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Title: Immunological studies on whole-body hyperthermia treatment for advanced cancer
Author: Gee, Adrian Philip
Awarding Body: University of Edinburgh
Current Institution: University of Edinburgh
Date of Award: 1978
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There is renewed interest in the use of induced hyperthermia in the treatment of malignant disease. It has been proposed that the anti-tumour effects of hyperthermia are mediated by the immune system. The aim of this investigation was to determine whether whole-body hyperthermia (41.8°C) affected the immune status of patients with advanced cancer. General immunocompetence has been monitored before, during, and after therapy, using several tests, in vitro. During treatment there was a stress-mediated leucocytosis, characterised by an increase in the concentration of phagocytically active immature neutrophils, a T-lymphopenia, and a B-lymphocytosis, but no change in the total lymphocyte concentration. Lymphoid antibody-dependent cellular cytotoxicity, and phytohaema ggWgt induced lymphocyte transformation, were slightly depressed by heating. The day following treatment, the T lymphocyte concentration remained depressed, and there was a fall in the level of serum complement. Within 3-5 days of treatment, most parameters had returned to their pre-treatment values, and there was a marked increase in the T lymphocyte response to PHA, to 2-3 times the prehyperthermia level. This was no longer evident within a week of treatment. Hyperthermia therapy had no significant long-term effect on any of the indices of cellular, or humoral, immunocompetence that were monitored. Heating lymphocyte suspensions in vitro, for 2h at 42°C, abolished PHA-induced RNA and DNA synthesis, and severely depressed their capacity to form spontaneous normal and 'rapid' rosettes with unsensitised sheep erythrocytes. The ability of lymphoid cells to lose antibody-coated tumour cells was also reduced by heating the effector population in vitro. Granulocytes heated at 42°C were less efficient at phagocytosing low concentrations of latex particles. The depression of lymphocyte immune function occurred, to a lesser extent, when whole blood was heated in vitro before separation of the lymphocytes. These results indicate that heat treatment, both in vivo and in vitro, depresses general immunocompetence. In the clinical situation the depression lasts 24-48h following treatment, during which, thermoresistant, viable tumour cells may be seeded into the peripheral circulation, and become established as metastases.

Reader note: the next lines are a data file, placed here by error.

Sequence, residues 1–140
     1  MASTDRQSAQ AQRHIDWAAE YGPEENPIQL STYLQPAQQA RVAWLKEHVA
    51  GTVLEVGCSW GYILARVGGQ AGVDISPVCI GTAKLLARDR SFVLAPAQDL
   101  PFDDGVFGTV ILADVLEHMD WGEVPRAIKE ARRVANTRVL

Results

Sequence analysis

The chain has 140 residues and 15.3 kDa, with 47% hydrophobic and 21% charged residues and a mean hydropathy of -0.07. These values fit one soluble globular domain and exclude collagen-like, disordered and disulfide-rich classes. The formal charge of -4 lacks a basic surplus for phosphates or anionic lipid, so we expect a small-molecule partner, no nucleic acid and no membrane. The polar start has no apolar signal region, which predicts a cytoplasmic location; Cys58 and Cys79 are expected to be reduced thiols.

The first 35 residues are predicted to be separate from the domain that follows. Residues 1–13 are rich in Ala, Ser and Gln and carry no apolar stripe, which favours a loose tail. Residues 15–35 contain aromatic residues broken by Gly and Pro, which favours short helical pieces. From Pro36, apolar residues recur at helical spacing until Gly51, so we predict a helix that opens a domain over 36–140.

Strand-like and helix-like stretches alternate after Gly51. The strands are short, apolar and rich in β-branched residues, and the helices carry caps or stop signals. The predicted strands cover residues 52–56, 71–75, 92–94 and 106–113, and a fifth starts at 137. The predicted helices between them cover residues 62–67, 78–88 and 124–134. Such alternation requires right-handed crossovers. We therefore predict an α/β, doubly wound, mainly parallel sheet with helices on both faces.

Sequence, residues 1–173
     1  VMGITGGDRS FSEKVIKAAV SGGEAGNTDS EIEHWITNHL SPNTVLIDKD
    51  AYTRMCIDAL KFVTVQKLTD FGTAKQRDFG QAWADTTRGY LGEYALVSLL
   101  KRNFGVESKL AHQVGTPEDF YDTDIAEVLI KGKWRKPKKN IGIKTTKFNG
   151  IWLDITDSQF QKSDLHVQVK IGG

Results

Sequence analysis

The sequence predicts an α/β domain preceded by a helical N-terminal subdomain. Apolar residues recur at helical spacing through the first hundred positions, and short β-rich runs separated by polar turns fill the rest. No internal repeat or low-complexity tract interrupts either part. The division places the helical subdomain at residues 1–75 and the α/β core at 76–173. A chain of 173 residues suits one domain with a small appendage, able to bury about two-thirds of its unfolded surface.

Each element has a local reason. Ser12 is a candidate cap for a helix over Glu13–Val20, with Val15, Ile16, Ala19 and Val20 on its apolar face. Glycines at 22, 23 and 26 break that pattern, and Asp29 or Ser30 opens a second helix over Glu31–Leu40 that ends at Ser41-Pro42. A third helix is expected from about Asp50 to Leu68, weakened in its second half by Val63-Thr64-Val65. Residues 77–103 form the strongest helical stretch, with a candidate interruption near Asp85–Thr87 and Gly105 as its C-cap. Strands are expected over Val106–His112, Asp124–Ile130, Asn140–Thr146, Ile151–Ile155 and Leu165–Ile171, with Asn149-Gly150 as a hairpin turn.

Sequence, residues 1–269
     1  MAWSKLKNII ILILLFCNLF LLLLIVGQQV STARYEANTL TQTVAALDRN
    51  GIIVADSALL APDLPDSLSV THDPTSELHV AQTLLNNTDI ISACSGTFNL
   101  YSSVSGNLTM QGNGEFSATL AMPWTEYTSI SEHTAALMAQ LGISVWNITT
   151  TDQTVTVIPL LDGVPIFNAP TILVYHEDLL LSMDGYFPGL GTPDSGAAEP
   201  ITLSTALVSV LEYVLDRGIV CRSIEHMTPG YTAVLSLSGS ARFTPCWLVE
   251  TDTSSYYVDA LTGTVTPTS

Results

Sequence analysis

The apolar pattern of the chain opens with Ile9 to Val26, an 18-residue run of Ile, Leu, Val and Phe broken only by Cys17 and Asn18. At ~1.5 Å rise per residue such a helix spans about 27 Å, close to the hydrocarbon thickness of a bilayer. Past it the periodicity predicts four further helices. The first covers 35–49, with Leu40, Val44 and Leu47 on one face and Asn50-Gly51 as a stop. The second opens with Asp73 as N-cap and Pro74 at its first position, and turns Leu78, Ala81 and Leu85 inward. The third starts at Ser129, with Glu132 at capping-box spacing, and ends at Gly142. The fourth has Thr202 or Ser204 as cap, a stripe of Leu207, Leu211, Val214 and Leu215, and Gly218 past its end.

Supervisor: Not available Sponsor: Not available
Qualification Name: Thesis (Ph.D.) Qualification Level: Doctoral
EThOS ID:  DOI: Not available